- 21/06/2019 2:07 PM
The United States urges Cambodia to Free Kem Sokha
- Phoung Vantha
- 10/09/2019 8:01 PM
Justice Ministry says no foreign person or state has the authority to dictate to the Cambodian court
PHNOM PENH--The United States Tuesday asked the Cambodian government to drop all charges against Kem Sokha and those arbitrarily detained.
Speaking in a video released on the Facebook page of U.S. Embassy in Phnom Penh, U.S. State Department Spokesperson Morgan Ortagus said that the former opposition leader had been arrested on “baseless charges,” and that the Cambodian government had yet to produce credible evidence to justify its action against him.
“The United States again calls upon the Cambodia government to drop all charges against Kem Sokha, restore his civil and political rights and free all those arbitrarily detained,” she said, adding that this month marked the second anniversary of his arrest.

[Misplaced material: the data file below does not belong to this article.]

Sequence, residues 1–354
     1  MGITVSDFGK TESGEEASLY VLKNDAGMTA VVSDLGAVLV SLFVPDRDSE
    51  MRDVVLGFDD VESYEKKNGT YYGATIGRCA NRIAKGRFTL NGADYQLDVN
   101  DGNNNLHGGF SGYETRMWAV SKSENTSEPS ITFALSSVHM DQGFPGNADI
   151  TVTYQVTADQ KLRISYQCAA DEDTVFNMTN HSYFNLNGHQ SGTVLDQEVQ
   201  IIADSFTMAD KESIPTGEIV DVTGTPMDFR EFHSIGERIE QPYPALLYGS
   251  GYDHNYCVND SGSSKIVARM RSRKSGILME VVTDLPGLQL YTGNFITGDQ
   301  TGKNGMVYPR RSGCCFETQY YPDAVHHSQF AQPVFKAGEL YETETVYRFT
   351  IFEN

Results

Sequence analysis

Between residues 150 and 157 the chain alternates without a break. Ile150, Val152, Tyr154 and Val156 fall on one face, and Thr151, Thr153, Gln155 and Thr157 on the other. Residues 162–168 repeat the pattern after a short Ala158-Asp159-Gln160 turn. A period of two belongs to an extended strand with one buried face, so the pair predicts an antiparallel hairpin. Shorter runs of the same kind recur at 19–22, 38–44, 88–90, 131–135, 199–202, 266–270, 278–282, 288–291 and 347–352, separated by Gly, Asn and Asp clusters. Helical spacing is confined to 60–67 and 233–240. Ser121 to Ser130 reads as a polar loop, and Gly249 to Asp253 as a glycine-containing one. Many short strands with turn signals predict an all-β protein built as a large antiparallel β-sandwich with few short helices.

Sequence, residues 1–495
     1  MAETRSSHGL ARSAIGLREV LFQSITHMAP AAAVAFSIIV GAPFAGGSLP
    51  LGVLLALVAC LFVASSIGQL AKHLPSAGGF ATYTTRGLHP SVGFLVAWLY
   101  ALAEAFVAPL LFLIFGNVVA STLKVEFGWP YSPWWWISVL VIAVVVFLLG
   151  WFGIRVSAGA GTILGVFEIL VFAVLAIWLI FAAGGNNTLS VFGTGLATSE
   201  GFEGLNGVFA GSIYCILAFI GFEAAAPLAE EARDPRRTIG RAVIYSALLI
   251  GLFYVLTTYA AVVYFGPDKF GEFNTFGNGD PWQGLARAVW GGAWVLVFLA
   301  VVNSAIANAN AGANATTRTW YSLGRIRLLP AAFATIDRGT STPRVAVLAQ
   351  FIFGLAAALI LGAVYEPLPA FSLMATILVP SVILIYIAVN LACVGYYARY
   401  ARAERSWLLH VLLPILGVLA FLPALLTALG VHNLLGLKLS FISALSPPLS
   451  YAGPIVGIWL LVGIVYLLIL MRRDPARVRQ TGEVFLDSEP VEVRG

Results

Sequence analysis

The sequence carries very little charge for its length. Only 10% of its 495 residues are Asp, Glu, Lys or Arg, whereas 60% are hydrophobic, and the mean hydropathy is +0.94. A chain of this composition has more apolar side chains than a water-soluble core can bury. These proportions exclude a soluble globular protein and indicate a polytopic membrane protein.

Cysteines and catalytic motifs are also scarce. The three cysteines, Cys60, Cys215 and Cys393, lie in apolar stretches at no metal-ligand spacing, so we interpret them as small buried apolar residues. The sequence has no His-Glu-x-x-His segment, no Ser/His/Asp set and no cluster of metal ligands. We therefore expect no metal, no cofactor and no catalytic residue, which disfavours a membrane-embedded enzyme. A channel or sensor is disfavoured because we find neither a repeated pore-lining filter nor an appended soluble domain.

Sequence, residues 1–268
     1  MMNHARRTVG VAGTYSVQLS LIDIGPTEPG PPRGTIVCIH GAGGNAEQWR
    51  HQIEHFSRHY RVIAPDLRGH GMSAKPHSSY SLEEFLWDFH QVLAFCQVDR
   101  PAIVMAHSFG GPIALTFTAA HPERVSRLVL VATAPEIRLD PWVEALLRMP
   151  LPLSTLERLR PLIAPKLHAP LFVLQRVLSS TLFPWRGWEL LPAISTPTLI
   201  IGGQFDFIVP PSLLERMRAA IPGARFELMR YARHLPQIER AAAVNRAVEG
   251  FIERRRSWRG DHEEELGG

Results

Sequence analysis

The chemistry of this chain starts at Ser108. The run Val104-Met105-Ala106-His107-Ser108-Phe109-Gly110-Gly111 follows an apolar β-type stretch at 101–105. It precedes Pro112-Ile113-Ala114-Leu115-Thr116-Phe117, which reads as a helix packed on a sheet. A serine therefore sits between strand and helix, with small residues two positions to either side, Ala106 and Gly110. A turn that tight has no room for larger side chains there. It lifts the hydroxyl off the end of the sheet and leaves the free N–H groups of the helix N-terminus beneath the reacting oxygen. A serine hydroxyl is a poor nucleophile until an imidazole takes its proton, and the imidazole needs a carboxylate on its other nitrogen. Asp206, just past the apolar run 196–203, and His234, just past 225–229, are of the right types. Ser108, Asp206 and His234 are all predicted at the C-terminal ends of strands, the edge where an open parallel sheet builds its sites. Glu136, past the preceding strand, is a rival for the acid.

Kem Sokha was charged with "treason and espionage" and arrested at his home on Sept. 3, 2017. The Cambodia National Rescue Party (CNRP), which he headed, was dissolved by Cambodia’s Supreme Court two months later. Sokha was released on bail on Sept. 10 last year and has basically been under house arrest ever since.
Ortagus said in the video that actions such as the dissolution of the CNRP, which was the country’s main opposition party, undermine Cambodia’s multiparty democracy that is a principle enshrined in the country’s constitution.
Chin Malin, a spokesman for the Ministry of Justice, previously told Thmey Thmey that no foreign person or state has the authority to dictate to the Cambodian court, and that to call on the court to drop charges against anyone would not be enforced.
"To protect any person, an ambassador or a foreign state should conform [to the judicial process and] submit more evidence to the court rather than try to put more pressure on Cambodia," he said.
In the video, Ortagus also urged the Cambodian government to take concrete steps to promote reconciliation by allowing media and civil society organizations, she said, “to operate without fear of intimidation or reprisal for exercising their rights to freedom and expression and association under the law.”